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FOR IMMEDIATE RELEASE
July 13, 2004

Contact: Peter Boger
(609) 984-1795

STATE RESPONDS TO DAM FAILURES IN BURLINGTON COUNTY

DEP Will Reopen Loan Application Period for Dam Repair Funding

(04/83) TRENTON -- The State is responding today to the failure of six significant hazard dams and three low hazard dams in Burlington County, as well as the severe weakening of two high hazard dams. Steady rainfall of four to 12 inches in the past 24 hours contributed to the dam failures. In response to today's events, Governor James E. McGreevey has directed the Department of Environmental Protection (DEP) to reopen the application process for loans to fund dam repairs.

"The State of New Jersey responded immediately to this situation, sending engineering teams to protect public safety and guard against loss of life or major property damage," said DEP Commissioner Bradley M. Campbell. "As today's flooding has heightened awareness of the importance of shoring up the state's dams, Governor McGreevey has directed the DEP to reopen the application period for dam repair loans funded by the bond referendum passed last November."

The DEP and State Police first responded to the dam failures around midnight after receiving reports of potential dam safety issues in the Medford Lakes area of Burlington County. The DEP dispatched a team of engineers to the area to confirm the emergency conditions, survey and assess the affected areas, and coordinate with the state police and the offices of emergency management. Later in the morning, the DEP dispatched two teams of engineers to assess and to inspect other dams located in the area.

New Jersey has more than 1,600 dams on streams and rivers throughout the state. Approximately 60 dams are located in Medford Lakes and surrounding areas. So far, the DEP has confirmed the failure of six significant hazard dams in Burlington County:

Lower Aetna Lake Dam, Medford Lakes Borough
Upper Aetna Lake Dam, Medford Lakes Borough
Birchwood Lake Dam, Medford Township
Lake Stockwell Dam, Medford Township
Papoose Lake Dam, Medford Township
Inawendiwin Lower Dam, Tabernacle Township

In addition, three low hazard dams - Inawendiwin Upper Dam in Tabernacle Township, Crane Lake Dam in Evesham Township and Kenilworth Lake Dam in Medford Township - have also failed.

Two high hazard dams, Timber Lake Dam in Medford Township and Vincentown Mill Dam in Vincentown, are currently under Dam Emergency Conditions, with Timber Lake Dam partially breached. Dam Emergency Conditions are situations where a dam is being overtopped or rapid deterioration is occurring. A failure may eventually occur; however, pre-planned emergency responses may moderate or alleviate failure. In this case, the DEP is working with the dam owner to engage in a complete, controlled lowering of Timber Lake. The state continues to evaluate the situation at Vincentown Mill Dam.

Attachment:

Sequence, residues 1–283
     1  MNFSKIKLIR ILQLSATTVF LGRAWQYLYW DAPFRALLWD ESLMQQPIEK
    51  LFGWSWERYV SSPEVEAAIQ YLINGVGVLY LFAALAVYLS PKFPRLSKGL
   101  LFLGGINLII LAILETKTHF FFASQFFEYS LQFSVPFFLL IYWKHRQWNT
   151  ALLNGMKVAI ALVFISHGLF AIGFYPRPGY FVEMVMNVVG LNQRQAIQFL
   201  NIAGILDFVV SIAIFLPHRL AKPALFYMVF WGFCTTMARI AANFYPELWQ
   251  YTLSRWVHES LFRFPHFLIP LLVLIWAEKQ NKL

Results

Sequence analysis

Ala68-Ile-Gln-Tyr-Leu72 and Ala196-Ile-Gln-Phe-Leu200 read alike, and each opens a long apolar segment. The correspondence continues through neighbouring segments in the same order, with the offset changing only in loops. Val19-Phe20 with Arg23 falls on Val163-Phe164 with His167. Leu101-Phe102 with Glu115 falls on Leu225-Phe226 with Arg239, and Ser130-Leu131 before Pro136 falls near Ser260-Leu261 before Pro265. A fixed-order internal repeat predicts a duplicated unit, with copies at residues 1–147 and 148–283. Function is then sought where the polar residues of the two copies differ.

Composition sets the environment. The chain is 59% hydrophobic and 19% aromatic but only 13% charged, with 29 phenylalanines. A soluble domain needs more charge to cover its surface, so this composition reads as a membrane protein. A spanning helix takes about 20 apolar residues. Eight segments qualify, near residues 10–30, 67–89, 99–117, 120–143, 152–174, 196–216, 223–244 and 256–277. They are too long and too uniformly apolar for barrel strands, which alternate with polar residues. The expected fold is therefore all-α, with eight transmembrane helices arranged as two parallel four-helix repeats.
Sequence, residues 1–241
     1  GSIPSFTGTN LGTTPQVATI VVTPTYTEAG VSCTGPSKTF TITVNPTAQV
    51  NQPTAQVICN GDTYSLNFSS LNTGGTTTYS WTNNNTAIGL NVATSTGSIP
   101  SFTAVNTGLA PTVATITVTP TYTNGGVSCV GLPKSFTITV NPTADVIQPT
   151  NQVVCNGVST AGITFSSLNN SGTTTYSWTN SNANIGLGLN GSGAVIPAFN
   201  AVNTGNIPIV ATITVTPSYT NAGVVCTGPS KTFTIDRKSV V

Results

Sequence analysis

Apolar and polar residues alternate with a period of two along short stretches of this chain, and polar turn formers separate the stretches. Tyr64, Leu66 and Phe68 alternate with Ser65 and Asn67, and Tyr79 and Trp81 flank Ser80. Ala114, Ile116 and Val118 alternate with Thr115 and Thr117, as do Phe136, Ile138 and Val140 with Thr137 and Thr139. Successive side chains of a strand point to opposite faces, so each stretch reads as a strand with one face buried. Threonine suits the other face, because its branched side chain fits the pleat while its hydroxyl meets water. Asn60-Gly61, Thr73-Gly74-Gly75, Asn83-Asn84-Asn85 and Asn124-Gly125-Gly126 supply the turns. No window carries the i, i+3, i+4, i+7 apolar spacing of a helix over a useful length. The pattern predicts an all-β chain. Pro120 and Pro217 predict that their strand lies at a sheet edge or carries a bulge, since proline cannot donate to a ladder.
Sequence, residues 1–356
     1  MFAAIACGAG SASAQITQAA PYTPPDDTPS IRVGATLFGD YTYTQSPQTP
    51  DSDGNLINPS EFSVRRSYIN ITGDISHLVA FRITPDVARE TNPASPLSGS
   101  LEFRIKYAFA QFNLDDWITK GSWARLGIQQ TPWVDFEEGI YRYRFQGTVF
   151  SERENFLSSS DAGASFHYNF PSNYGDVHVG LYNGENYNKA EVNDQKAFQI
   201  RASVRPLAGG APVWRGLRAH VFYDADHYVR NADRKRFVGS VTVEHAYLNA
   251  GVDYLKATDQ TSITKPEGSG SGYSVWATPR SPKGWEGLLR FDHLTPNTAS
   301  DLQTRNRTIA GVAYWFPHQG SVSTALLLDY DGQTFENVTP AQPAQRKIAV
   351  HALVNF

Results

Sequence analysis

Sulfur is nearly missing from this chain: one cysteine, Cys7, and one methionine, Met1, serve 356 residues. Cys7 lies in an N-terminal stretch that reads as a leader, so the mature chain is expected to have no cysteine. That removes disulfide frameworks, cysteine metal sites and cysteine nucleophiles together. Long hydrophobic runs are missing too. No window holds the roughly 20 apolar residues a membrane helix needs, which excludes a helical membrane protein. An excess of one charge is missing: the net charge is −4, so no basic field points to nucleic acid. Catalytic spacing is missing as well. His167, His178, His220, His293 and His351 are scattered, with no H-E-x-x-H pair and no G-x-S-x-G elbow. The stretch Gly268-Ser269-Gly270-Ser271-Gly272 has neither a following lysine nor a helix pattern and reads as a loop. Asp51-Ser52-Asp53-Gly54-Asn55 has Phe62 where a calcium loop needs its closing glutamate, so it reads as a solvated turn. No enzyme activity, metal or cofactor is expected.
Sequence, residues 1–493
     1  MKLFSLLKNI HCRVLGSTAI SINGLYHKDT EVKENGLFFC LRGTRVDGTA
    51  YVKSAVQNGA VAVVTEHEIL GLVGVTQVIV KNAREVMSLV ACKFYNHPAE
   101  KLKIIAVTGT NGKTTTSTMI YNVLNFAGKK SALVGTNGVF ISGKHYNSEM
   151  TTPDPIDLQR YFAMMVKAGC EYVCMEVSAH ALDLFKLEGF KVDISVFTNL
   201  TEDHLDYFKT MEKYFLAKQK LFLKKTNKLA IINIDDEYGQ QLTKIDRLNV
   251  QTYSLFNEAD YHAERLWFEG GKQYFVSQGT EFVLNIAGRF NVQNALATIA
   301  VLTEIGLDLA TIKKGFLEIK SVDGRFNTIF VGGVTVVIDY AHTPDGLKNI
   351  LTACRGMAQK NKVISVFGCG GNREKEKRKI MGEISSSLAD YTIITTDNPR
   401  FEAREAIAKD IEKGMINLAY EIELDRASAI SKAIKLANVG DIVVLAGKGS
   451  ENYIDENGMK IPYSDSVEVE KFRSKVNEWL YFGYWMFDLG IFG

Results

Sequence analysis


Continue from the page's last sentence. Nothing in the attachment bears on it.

There are four hazard classifications of dams in New Jersey. The classifications relate to the potential for property damage and/or loss of life should the dam fail:

  • Class I (High-Hazard Potential) - Failure of the dam may result in probable loss of life and/or extensive property damage.
  • Class II (Significant-Hazard Potential) - Failure of the dam may result in significant property damage; however loss of life is not envisioned.
  • Class III (Low-Hazard Potential) - Failure of the dam is not expected to result in loss of life and/or significant property damage.
  • Class IV (Small-Dam Low-Hazard Potential) - Failure of the dam is not expected to result in loss of life or significant property damage. Dam must also meet specific size and construction requirements.

There are 196 high hazard dams in New Jersey; the DEP has determined that 50 of these dams are in need of repairs at an estimated cost of at least $33 million. There are also 396 significant hazard dams throughout the state; 317 are in need of some form of repairs. The estimated cost to bring these significant hazard dams up to current standards is at least $126 million.

"The public's safety should not be jeopardized by dam failures," added Campbell. "Governor McGreevey had the foresight to recognize the magnitude of this problem in campaigning for passage last fall of a ballot referendum authorizing $200 million for dam repairs and other infrastructure projects."

Public Question Number 3, overwhelmingly approved by voters last November, authorized bond funding to help repair dams that pose threats to public safety as well as to promote dredging, stream restoration, and flood control projects. The referendum also provided bonds for state-authorized loans financing wastewater treatment and water resource projects that would provide vital improvements to water quality.

Funds from this bond referendum will be used to help prevent future failures like those that happened today. Applications for the first round of loans under the program were accepted this spring. More information about DEP's dam safety program and the loan program is available at http://www.nj.gov/dep/damsafety.

The DEP and state police will continue to assess the situation in Burlington County throughout the rest of the day and help make every effort to minimize damage from the dam failures.

 

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